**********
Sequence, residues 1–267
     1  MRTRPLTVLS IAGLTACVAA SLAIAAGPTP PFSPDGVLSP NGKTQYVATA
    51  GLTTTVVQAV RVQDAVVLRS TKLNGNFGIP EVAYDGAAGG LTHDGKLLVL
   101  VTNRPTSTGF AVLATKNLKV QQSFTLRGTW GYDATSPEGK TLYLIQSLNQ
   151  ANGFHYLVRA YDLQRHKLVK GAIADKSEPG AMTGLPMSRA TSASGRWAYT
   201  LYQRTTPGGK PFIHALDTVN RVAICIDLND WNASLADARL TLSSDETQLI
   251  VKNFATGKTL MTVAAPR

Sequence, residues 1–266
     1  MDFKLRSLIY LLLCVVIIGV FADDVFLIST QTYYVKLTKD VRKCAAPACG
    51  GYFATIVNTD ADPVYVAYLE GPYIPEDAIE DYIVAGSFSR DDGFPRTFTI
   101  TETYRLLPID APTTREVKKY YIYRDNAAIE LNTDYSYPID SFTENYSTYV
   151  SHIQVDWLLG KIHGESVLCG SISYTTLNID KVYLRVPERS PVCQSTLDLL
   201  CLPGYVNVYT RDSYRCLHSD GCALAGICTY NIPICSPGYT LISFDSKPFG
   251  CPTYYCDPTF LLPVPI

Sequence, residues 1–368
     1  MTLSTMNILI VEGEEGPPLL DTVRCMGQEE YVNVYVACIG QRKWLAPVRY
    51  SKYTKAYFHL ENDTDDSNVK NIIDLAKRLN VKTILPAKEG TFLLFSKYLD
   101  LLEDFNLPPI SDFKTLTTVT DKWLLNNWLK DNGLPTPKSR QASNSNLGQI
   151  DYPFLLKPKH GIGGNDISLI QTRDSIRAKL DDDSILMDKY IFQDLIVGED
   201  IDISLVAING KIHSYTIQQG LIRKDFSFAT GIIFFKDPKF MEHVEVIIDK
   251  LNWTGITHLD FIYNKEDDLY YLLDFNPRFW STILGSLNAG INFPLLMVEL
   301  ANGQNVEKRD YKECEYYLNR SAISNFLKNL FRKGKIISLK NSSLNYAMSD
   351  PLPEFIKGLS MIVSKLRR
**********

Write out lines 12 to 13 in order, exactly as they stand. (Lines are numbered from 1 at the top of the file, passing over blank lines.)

   151  SHIQVDWLLG KIHGESVLCG SISYTTLNID KVYLRVPERS PVCQSTLDLL
   201  CLPGYVNVYT RDSYRCLHSD GCALAGICTY NIPICSPGYT LISFDSKPFG